Anonymous (the same one or another one?) - no, not thinking of agave, but am interested. Agave relish? What part of the plant do you use? I know about the juice of course, from the heart of the plant...Please tell me more!


  6. Thanks, Anonymous (1, 2 or 3?) - I saw that in my web travels.

  7. Somewhere I have a book called Wild Seasons: gathering and cooking wild plants of the Great Plains / / Kay Young. It’s one of my favorites, both for the foraging advice and the recipes. Do you have it? I believe it has a bunch of info about yucca, but I can’t remember. And I can’t find the book.

    Some of my other favorite ethnobotany books include - Native harvests: botanicals and recipes of the American Indian / / Barrie Kavasch; Native Indian Wild Game, Fish & Wild Foods Cookbook: recipes from North American native cooks / / edited by David Hunt; Medicinal and Other Uses of North American Plants / / Charlotte Erichsen-Brown; Strength of the Earth: The Classic Guide to Ojibwe Uses of Native Plants / / Frances Densmore; the books Alma Hutchens wrote about Native American Herbology…

    Stop me.

    Good luck!

  8. I am definitely going to try the flowers. I just noticed today that one of mine is flowering! Here's another resource:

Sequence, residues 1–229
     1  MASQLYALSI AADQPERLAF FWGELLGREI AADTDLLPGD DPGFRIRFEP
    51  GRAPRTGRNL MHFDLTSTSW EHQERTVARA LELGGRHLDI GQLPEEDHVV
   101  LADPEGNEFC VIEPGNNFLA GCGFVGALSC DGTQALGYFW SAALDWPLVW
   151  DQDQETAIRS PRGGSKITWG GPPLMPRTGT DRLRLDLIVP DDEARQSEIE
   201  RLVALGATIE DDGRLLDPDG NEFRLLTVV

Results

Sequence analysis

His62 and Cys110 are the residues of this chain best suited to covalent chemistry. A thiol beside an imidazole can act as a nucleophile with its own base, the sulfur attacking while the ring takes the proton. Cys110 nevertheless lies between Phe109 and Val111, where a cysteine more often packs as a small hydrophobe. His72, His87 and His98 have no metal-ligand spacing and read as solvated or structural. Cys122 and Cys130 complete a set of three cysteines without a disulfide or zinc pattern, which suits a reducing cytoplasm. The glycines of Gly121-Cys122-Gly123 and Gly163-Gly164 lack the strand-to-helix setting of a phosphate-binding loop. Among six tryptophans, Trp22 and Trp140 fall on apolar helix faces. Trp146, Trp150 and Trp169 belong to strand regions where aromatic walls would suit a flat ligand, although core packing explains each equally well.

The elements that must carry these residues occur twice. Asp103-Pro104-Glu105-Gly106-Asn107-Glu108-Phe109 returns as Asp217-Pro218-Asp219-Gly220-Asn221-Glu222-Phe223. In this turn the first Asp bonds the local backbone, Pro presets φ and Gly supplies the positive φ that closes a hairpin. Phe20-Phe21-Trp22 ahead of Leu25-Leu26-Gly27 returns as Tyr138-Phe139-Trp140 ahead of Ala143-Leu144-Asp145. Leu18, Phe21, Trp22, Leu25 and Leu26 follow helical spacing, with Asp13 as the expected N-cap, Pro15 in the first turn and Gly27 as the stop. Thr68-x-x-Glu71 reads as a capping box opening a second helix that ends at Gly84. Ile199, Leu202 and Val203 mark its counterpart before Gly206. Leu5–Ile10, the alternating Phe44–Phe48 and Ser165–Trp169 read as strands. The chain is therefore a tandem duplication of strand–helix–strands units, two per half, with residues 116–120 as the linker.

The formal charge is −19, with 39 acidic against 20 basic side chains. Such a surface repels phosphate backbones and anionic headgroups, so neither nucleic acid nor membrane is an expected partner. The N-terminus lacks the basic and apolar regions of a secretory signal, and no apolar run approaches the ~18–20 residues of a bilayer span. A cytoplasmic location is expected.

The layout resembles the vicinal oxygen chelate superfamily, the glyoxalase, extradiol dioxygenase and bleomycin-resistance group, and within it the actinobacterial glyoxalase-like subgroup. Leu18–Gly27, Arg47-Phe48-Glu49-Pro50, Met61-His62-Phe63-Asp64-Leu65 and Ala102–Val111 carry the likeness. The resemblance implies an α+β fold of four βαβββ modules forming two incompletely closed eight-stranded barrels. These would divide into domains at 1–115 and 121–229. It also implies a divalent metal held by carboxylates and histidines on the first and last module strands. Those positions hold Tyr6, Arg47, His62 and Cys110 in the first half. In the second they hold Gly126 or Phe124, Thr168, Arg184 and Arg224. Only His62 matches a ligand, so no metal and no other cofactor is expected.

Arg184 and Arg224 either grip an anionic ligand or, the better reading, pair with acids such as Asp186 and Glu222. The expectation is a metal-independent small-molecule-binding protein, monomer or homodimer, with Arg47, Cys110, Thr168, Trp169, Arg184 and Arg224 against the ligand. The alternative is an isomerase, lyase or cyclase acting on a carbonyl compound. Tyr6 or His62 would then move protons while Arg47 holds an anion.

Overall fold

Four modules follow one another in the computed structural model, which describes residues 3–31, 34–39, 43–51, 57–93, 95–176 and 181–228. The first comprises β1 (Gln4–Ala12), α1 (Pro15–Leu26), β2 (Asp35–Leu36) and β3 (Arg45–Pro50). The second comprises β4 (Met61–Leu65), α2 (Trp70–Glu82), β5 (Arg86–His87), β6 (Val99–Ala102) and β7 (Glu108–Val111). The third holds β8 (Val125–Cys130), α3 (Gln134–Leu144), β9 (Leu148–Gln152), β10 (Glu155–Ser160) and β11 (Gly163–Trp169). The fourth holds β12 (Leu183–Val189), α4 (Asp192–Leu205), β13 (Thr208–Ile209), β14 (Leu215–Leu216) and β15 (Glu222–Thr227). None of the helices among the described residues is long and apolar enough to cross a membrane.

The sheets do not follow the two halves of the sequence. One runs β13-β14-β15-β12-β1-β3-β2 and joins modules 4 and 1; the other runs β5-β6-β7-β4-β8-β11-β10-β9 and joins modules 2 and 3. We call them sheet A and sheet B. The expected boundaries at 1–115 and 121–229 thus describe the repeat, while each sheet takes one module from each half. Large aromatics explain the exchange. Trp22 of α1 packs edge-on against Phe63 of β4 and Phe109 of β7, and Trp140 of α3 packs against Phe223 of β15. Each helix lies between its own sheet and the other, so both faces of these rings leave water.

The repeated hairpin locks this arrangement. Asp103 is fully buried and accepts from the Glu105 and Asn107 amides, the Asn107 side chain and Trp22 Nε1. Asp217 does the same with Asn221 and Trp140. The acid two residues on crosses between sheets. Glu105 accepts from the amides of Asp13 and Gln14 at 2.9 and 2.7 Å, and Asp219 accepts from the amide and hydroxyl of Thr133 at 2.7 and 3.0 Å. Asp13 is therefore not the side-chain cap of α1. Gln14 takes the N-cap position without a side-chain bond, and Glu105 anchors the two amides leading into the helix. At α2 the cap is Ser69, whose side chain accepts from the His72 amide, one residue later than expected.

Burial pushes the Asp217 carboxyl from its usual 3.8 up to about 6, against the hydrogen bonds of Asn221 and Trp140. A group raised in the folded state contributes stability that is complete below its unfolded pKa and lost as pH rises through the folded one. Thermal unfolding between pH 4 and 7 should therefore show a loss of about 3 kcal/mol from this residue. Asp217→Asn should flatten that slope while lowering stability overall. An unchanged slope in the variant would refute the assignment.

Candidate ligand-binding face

10. Whatever... The entire URL refuses to load...

  11. I am very interested in pickling the yucca fruits - could you tell me what you used in your pickle mixture? I'm looking at adapting a recipe from pickled okra, but thought I should ask you first.

  12. Hi peppergrass - I think I listed the ingredients on our Flickr conversation:

    'I added bayberry leaves and seeds (you could use regular bay), salt, sugar, black pepper and a little cumin' - with white vinegar (it was all I had) in a ratio of about 1 to 3. More (3 times) sugar than salt. Taste the mixture, so the salt-sugar is balanced...

  13. I think this is such a great recipe; one I hadn't thought of! I linked to it from my website. I hope you don't mind. You can find the link here: Thank you!

  14. You might want to collect the flower stalk before the blossoms form. Very sweet when SLOW, SLOW pit roasted over a 2 day period.

  15. I definitely recommend eating them fire roasted, as that removes the bitterness and sweetens them up.

  16. I love all plants, but more than anything I love plants that are useful.

    Apache Native Americans made great use of the yucca plant.

    "The fruit can be roasted, the seeds removed, and the sweet pulp pounded into flat cakes and then sun dried." - unknown.

    The leaves are good for making string. This string can be used for hanging dried meat or as a string for a bow and arrow.

    I've also heard that some varieties are good for starting friction fires.